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A Day-in-the-Life Snapshot of the Industry:
A Photo Album of the Lobster Fishing Process

On the Boat

On June 2, 2000 I set out for my adventure on board the Laura Dawn No.1, a 42 ft fishing boat captained by Ronald Langille of Melville, Pictou County, Nova Scotia.  Ronnie fishes for lobster in the Northumberland Strait, the body of water separating Prince Edward Island and Nova Scotia.  His boat is moored along with 11 others, at Skinnerís Cove, a busy fishing port located in Melville, a small community just outside the village of River John.  

Fishing Boat
Fishing Boat Laura Dawn No. 1at Skinner's Cove




 

 

 

June 2 turned out to be a sunny, calm day on the water. I watched a beautiful sunrise and busied myself taking pictures, enjoying the salt air.  A week later, June 9, I decided to head out again and prepared myself for another warm and sunny day. However, to my surprise the sun did not shine and the seas were not calm! After this trip I really felt I had experienced a day of lobster fishing! The pictures gathered to tell my story are a combination of both these trips. Taken together these trips present a view of a day in the life of a lobster fishermen.  

5:00 a.m. Heading Out to Sea
Approximately 5:00 am.  Heading out to sea:  A boat ahead of us departs the wharf at Skinnerís Cove.

Preparing Bait
Before we leave the wharf the bait is prepared: The captain cuts the bait (which today is mackerel) while his deck-hand puts it in the bag and twists it closed. The sun has not yet risen.

Tray Holding Bait
A plastic bin called a tray holds the bait that is ready to be bagged.  Typical bait commonly used for lobster fishing is mackerel, flounder, herring, gaspereaux and rock crab.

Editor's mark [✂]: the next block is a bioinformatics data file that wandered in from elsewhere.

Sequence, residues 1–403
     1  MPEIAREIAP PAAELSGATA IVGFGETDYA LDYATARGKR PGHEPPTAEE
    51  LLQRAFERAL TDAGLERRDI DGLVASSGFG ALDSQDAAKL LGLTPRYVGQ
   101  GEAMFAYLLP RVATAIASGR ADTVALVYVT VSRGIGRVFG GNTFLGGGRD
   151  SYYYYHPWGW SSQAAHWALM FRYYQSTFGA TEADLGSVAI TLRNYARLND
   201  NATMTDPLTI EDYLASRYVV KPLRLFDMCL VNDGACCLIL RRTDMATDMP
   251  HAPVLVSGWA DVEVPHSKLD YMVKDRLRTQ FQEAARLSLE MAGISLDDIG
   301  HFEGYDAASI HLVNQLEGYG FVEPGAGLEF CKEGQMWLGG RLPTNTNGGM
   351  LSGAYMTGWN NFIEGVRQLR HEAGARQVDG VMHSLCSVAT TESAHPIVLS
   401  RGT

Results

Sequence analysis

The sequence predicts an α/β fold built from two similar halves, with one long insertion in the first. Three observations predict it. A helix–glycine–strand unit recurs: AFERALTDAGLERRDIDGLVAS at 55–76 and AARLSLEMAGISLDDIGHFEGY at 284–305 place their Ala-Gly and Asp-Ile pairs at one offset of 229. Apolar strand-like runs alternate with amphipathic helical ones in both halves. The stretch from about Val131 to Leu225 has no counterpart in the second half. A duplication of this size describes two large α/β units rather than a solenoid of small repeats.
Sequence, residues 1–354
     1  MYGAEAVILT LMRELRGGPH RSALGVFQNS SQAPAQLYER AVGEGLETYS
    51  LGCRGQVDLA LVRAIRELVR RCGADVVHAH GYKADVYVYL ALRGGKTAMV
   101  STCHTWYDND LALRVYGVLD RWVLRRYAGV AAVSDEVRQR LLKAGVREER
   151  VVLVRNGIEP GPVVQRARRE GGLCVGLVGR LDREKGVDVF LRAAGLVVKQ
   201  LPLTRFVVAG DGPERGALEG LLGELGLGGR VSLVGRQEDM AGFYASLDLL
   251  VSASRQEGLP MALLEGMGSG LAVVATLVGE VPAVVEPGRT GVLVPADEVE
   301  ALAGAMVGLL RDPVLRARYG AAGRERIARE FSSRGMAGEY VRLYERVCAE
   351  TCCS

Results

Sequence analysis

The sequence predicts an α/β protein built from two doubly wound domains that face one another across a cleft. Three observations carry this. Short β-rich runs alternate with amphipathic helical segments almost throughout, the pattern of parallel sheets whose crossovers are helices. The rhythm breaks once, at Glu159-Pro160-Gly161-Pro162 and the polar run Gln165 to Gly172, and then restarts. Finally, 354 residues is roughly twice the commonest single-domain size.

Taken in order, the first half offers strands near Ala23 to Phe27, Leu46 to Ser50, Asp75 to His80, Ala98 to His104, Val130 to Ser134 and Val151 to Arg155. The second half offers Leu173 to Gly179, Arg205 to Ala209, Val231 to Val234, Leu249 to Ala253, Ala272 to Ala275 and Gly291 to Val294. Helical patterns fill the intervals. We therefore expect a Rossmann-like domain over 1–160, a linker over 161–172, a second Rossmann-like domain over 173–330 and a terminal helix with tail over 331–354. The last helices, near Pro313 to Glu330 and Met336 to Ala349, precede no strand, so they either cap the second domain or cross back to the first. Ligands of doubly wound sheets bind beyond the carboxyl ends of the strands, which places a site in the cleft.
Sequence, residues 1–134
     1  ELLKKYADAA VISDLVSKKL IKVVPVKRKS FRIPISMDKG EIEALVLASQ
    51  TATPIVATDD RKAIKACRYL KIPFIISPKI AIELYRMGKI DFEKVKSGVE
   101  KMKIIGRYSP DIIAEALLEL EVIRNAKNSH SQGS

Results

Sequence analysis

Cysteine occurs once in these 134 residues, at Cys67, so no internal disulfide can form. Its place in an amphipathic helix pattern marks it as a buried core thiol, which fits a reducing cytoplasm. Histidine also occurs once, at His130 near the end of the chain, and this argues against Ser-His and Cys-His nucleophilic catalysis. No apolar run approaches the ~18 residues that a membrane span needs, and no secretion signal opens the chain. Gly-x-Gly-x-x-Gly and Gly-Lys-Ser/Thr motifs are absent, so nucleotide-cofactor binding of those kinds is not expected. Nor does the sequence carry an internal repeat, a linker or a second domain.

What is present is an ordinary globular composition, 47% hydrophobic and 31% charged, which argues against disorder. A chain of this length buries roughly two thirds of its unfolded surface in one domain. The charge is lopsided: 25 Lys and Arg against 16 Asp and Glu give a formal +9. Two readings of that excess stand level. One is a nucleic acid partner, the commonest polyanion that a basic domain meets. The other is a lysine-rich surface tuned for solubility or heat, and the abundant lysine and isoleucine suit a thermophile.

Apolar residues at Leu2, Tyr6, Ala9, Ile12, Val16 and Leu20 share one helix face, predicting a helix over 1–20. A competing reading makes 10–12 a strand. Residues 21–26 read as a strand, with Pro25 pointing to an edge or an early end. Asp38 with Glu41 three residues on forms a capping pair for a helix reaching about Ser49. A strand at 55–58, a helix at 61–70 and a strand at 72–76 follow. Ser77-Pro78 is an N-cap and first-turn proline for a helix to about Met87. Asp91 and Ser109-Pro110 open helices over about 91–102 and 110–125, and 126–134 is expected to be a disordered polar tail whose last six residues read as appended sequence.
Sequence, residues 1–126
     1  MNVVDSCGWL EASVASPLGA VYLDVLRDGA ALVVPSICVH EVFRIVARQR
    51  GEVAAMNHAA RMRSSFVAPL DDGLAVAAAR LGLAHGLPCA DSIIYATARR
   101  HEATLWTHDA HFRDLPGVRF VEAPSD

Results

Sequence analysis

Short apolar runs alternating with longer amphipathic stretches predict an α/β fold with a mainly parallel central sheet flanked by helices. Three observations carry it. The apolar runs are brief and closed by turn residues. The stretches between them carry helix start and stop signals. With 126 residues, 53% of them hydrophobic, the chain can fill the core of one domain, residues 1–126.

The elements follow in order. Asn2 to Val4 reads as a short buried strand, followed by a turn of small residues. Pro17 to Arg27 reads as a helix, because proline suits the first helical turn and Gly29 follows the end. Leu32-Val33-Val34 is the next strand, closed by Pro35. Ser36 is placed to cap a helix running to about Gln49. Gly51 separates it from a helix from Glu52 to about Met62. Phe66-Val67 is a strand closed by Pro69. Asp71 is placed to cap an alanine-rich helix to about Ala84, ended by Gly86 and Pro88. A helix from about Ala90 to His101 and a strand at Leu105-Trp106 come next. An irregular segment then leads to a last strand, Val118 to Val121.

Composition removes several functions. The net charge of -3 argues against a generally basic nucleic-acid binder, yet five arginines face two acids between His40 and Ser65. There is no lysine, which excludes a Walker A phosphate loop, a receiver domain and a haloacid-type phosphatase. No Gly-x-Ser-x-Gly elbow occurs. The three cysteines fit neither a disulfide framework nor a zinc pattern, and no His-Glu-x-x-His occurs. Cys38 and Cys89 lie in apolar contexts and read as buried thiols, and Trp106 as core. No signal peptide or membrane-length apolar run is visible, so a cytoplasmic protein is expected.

Dawn on the Water
Shortly after 5:00 am.  Dawn is breaking: With the clear skies and the calm water it looks like weíre in for a nice day.  

Deck Hand

The deck-hand uses a long pole with a hook on the end of it, called a gaff, to catch the buoy.  The captain is in the cabin manning the wheel. 

Captain

 

Grabbing the Line
Grabbing the line:  The deck hand has successfully hooked the buoy, and the captain has come out to grab the line.

The Hauler
The hauler: After grabbing the line the captain uses the electronic hauler to pull the traps out of the water.

Wooden trap being pulled from the water
A wooden trap is being pulled out of the water by the hauler. 

Captain pulls a wire trap over the side
The captain pulls a wire trap over the side and onto the washboard.

Captain surveys the catch
The captain surveys his catch.  

Re-baiting the traps
Both the captain and the 
deckhand re-bait the traps 
after they are hauled. 

Sun rising as deckhand re-baits trap
The sun is rising as the deckhand re-baits a trap.  

Using metal gauge to measure lobster
The captain uses a metal gauge to measure the carapace of the lobster to see if it is of legal size.  If it is, itís placed in the tray to be banded and if itís not, itís thrown back in to the ocean.

Placing rubber bands on lobster claws
The deck-hand uses a steel device to place elastic rubber bands around the lobsterís claws.

 

Five-trap trawl sitting on the washboard
A five-trap trawl sitting on the washboard:  These traps have been re-baited, and the lobsters removed.  Soon they will be pushed overboard.

 

Deck hand ready to push trap overboard
The deck-hand gets ready to push a trap over in to the ocean.

 

Live market ready to be banded
A large market waits in a tray to be banded.

Deck hand shows off a big catch
The deck-hand shows off a big catch.

Tray full of canners
Near the end of the day:  A tray full of canners sitting in the live tank.

Tray of rock crabs
A tray of rock crabs: Theyíve been caught in traps that have just been hauled and have been placed in a tray to be used to re-bait the empty traps.

Crab as bait in wire trap
A crab is tied down as bait in a wire trap

OTHER CREATURES THAT GET CAUGHT IN THE TRAPS:

Sculpin Fish
A sculpin fish

Rock eel
A rock eel 

Bucket of starfish
A bucket of starfish

Spawning Female
A spawning female:  The captain holds a large female who is carrying eggs under her tail.  Berried females, as they are called, are thrown back into the sea.

Cleaning up the boat
Cleaning up:  The deck-hand uses the hose to clear away debris and to wash down the deck as the captain heads the boat back to the wharf.

Seagulls feasting
Seagulls feasting:  After the deck-hand drops the old bait overboard seagulls quickly arrive on the scene.

Back to the wharf
Back to the wharf:  The traps have been hauled and the day is almost done.  It is approximately 1:30pm.

Click here to see what goes on at the wharf.

 

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